Consequently, how the UK and EU remain on top of and cooperate on environmental regulatory standards over an extended period of time will be an important aspect of how the post-Brexit legal environment develops. There is certainly scope for change because of the extent of environmental legislation. The Department for the Environment Food and Rural Affairs (Defra) has identified around 100 statutory instruments being required in order to make sense of regulations that refer directly to EU standards or EU institutions.

Environmental enforcement and accountability

Unanswered questions have been posed by business and environmental interest groups about the scope and powers of a UK environmental ‘watchdog’ to take over enforcement functions. Compliance oversight and enforcement against the UK Government and devolved institutions are now exercised by the European Commission and applied by the European Court of Justice of the European Union. In other words, it is important that there is no vacuum created when the UK is no longer a member state and the UK Government is no longer subject to the EU’s jurisdiction.

The UK Government is yet to clarify precisely how it intends to comply with its own environmental regulations (and the repercussions for failing to do so). The suggestion of enforcing the UK Government’s obligations by introducing a broader power of judicial review has been rejected by a number of informed commentators, including the United Kingdom Environmental Law Association. In May 2018, the Government launched a consultation on the contents of the Environmental Principles and Governance Bill. Subsequently, the European Union (Withdrawal) Act 2018 was amended prior to Royal Assent on 26 June 2018 to require the Secretary of State to publish draft legislation within six months of Royal Assent to the European Union (Withdrawal) Act 2018  that:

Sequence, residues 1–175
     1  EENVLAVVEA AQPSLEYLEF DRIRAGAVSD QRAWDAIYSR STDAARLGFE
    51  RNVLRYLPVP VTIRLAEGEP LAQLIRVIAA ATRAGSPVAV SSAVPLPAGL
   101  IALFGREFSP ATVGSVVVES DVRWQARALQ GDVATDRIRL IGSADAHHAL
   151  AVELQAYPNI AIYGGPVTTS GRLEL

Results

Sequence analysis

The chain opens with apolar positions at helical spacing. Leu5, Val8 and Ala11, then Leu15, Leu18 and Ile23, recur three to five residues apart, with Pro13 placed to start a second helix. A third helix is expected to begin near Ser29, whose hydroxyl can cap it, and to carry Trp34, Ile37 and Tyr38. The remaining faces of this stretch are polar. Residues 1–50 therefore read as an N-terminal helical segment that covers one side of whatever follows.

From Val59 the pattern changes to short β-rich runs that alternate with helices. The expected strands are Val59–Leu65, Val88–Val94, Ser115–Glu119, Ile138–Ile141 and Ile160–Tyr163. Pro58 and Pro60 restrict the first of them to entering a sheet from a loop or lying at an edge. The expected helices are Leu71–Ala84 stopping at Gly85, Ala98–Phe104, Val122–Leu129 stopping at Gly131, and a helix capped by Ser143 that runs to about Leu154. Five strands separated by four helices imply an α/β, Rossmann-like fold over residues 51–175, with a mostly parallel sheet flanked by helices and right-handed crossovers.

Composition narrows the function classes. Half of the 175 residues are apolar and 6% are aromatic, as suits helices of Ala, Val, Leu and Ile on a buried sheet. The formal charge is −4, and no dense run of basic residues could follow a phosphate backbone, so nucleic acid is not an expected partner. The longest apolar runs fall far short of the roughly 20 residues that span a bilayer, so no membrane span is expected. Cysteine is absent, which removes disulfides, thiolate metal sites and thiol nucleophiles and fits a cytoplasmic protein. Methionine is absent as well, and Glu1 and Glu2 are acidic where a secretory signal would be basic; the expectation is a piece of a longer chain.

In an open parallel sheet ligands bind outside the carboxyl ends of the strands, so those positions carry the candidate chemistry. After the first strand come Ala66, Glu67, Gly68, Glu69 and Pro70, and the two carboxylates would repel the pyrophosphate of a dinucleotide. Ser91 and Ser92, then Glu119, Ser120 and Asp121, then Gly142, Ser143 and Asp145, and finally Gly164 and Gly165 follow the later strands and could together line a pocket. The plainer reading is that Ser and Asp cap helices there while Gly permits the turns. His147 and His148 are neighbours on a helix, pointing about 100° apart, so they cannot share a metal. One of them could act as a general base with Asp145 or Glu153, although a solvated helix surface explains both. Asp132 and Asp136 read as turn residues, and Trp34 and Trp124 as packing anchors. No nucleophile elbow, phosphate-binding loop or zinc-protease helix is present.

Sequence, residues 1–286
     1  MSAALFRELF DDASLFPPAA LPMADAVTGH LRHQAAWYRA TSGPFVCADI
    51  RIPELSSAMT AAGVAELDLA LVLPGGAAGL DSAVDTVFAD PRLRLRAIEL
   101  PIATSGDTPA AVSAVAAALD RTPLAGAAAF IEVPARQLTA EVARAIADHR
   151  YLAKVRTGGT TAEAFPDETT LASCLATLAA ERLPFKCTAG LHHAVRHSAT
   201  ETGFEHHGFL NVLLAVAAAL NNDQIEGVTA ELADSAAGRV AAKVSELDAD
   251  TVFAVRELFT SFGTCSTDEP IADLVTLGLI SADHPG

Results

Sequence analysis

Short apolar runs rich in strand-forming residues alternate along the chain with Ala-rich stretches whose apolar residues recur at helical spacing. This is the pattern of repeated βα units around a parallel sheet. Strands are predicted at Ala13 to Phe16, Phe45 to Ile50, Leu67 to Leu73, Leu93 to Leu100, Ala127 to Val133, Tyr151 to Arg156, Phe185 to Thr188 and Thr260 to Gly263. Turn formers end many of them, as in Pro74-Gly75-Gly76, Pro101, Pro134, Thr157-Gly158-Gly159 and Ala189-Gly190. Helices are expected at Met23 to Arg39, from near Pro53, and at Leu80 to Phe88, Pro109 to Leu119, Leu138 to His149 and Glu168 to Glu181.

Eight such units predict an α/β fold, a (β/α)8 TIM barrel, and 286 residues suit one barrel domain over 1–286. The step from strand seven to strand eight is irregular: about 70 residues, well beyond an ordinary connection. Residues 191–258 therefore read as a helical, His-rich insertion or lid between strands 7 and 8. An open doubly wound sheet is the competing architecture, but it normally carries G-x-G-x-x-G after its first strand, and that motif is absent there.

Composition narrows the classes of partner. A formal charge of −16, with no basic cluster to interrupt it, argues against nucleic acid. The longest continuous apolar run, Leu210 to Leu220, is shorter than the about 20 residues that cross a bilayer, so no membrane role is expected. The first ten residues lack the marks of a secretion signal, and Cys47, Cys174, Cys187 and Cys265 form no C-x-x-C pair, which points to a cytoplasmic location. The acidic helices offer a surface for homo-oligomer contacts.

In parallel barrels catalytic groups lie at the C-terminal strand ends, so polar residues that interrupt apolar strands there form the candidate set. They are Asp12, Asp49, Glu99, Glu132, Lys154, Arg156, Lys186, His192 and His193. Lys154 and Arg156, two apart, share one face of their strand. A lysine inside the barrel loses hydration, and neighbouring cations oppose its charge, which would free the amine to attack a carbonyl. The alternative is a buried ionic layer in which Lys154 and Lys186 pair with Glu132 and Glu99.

• sets out a list of environmental principles and places a duty on the Secretary of State to publish a policy statement in relation to the application and interpretation of those principles; and
  • defines environmental law and makes provision for the establishment of a public authority with functions for taking proportionate enforcement action (including legal proceedings if necessary) where the authority considers that the UK Government is failing to comply with environmental legislation.

Sectoral impact

In conclusion, there is unlikely to be any direct and immediate impact on the development sector in the short term as a result of Brexit, provided there is a concluded and ratified withdrawal agreement. Investment has continued as developers and investors have been unwilling to wait for a relaxation of environmental standards or a Brexit dividend where the likelihood is that very little will change in the regulatory arena in the short term.

Moreover, the shape and scope of the overall deal and settlement with the EU across many sectors and industries is likely to influence the extent to which Brexit will mean a change to environmental and planning legislation in England and Wales in the medium term.

If you would like to discuss any aspect of this article, please get in touch with Alex Madden, Matt Gilks or your usual Thrings contact.